Tuesday, May 22, 2012

Very Light Rye

Way back in the stone age of my childhood, the neighborhood bakery made a very, very light rye bread. I have no idea if it was an ethnic thing (back then, I didn't even know what that meant) or whether it was just something those bakery owners invented.

Most of the time when I make rye bread, I make a medium rye - because it's easy. Sometimes I make a darker rye. This time I went the other direction, and made a very light rye. Hint of rye might be more appropriate, actually, because it really is more like a robust-flavored white bread than a rye.

I baked this loaf in a clay baker - like the material flowerpots are made from. The idea is that you soak the clay baker in water and when you bake the bread in the closed container, that wet clay releases moisture so the bread bakes in very steamy environment.

If you don't have a clay baker, you can bake this loaf in a cast iron dutch oven. It won't release steam, but it will retain the moisture from the bread as it bakes.

One thing to remember when using a clay baker is that you can't put it in a hot oven. It will break. Instead, you put the baker into a cold oven and then turn on the heat. It goes into the oven before the dough is fully risen since it takes some time for the oven to heat and for the interior of that container to heat up.

When you take the baker out of the oven, you still have that risk of thermal shock, so don't put it on a chilly surface. A wooden cutting board, a baking rack, or a dry kitchen towel are safer than a cool counter top.

Hint of Rye Bread

1 cup lukewarm water
2 1/4 teaspoons instant yeast
1 tablespoon sugar
1/4 cup buttermilk
1/2 cup (2 1/4 ounces) rye flour
2 cups (9 ounces) bread flour
1/2 cup (3 ounces) semolina flour
1 teaspoon salt
1 tablespoon olive oil

In the bowl of your stand mixer, combine the water, yeast, sugar, buttermilk, and flours. Knead with the dough hook until the dough begins to get elastic. Add the salt and olive oil and continue kneading until the dough is smooth, shiny, and elastic.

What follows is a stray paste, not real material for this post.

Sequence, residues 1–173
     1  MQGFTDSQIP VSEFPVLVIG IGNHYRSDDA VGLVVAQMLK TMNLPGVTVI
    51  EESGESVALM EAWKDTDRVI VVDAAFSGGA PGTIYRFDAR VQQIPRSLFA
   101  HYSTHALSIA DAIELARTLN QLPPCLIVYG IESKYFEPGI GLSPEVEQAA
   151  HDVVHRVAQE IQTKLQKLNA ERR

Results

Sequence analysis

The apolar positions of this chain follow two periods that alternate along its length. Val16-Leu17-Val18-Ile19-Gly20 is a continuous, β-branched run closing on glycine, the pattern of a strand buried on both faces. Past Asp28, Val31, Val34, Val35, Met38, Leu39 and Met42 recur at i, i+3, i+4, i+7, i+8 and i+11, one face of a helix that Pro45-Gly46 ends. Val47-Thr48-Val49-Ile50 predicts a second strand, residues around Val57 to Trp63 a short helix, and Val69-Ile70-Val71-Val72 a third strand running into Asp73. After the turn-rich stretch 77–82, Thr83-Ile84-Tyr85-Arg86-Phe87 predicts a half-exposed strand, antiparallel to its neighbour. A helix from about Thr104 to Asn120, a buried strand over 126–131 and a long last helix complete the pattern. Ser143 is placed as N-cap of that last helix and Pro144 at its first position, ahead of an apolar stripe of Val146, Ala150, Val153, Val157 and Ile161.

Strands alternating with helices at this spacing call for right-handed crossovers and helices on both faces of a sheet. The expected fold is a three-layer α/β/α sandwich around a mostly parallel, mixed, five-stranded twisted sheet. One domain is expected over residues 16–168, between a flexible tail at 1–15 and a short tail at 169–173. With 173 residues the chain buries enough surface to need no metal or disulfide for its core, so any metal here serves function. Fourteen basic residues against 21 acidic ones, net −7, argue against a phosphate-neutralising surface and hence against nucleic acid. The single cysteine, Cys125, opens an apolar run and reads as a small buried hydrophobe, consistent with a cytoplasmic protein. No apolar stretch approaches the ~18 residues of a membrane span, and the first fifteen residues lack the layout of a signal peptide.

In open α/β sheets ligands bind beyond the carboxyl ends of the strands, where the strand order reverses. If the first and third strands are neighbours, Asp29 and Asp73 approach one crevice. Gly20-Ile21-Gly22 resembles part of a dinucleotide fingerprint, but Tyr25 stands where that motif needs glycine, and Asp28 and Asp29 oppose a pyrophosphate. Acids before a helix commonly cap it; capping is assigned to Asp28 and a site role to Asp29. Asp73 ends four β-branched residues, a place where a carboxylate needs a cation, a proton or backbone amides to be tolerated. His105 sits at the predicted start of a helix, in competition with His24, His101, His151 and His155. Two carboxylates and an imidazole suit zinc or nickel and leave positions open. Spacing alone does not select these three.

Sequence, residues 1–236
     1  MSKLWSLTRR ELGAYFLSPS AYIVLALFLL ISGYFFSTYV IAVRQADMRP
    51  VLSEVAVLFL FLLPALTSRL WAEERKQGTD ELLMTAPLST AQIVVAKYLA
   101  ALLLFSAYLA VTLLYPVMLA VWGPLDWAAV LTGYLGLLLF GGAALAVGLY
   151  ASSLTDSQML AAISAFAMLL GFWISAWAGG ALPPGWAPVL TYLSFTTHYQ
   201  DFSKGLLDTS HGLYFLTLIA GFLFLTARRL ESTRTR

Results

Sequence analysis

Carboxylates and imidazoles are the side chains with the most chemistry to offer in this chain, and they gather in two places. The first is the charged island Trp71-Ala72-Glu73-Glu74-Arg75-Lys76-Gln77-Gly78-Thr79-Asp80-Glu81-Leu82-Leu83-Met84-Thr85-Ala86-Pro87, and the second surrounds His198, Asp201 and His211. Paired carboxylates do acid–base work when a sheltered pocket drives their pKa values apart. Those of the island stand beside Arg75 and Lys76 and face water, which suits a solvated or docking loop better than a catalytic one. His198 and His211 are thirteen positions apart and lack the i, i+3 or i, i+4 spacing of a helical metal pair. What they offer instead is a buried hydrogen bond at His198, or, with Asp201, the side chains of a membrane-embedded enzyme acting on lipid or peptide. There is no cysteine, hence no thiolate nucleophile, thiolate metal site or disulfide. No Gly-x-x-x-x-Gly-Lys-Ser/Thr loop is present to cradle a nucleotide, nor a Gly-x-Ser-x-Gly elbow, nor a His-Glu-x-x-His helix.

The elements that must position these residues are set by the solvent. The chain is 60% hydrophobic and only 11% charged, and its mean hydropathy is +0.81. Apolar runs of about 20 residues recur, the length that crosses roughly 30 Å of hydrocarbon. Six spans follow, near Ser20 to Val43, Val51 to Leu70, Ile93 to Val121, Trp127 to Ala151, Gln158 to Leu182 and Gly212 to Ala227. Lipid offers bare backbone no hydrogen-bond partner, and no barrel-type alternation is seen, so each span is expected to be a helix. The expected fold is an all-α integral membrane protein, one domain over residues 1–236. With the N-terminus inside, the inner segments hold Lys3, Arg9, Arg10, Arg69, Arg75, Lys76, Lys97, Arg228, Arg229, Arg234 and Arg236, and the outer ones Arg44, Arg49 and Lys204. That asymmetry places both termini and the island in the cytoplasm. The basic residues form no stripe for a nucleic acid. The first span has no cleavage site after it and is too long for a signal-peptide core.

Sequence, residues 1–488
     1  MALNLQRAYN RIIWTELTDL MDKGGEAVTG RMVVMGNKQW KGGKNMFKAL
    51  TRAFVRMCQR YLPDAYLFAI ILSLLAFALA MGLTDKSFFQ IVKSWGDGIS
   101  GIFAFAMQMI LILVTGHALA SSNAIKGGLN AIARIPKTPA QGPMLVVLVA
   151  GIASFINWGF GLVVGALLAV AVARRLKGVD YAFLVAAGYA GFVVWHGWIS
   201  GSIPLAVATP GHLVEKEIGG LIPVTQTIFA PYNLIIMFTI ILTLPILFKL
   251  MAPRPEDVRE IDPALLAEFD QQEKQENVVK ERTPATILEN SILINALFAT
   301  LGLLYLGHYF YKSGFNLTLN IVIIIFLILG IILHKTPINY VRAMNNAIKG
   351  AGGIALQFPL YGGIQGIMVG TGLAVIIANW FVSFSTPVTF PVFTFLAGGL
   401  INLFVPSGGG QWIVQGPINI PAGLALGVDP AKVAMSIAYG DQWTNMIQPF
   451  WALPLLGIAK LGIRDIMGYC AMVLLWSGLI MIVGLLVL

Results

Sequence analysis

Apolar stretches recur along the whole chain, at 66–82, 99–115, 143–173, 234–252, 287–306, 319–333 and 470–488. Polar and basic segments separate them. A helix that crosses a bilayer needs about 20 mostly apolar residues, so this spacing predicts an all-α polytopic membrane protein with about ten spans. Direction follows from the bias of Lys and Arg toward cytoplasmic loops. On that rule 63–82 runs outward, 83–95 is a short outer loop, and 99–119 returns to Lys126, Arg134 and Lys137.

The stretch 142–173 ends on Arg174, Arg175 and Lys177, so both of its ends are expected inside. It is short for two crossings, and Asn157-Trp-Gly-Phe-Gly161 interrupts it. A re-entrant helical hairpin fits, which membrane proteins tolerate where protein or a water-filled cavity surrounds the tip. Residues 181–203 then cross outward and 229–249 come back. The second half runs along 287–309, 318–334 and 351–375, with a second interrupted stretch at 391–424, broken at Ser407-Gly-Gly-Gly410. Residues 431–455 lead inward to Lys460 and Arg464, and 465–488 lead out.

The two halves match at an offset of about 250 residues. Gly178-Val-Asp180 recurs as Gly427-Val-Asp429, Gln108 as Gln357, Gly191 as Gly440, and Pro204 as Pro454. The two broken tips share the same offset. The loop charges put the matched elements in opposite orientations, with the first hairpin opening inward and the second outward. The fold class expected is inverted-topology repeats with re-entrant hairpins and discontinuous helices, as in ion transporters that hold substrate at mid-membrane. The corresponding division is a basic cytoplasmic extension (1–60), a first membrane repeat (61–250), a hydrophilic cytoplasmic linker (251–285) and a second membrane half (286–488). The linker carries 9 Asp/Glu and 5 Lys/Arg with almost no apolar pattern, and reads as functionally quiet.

Cover the bowl with plastic wrap and set aside until doubled in size, about 1 hour. Meanwhile, soak the clay baker and its cover in water.

When the dough has risen, flour your work surface and turn the dough out. Knead it briefly, then form it into a log if you're using an oblong baker, or into a round if you're using a round baker or a cast iron dutch oven.

Remove the baker from the water and drain any extra water out of it. Sprinkle cornmeal in the bottom of the baker and a little bit up the sides. Put the dough into the baker, seam side down, and put the cover on. Set aside to rise until slightly less than doubled - about 20 minutes.

Open the baker and slash the dough as desired, then put the cover back on. Place your rack in the center of the oven, put the baker on the rack, and turn the heat to 400 degrees. Bake for 60 minutes.

Remove the cover (carefully - it's hot and there could still be some steam.) If the bread isn't as browned as you like, let it bake another 5 minutes.

Remove the baker from the oven and remove the bread and let it cool on a rack on a rack before slicing.

This has been submitted to Yeastspotting.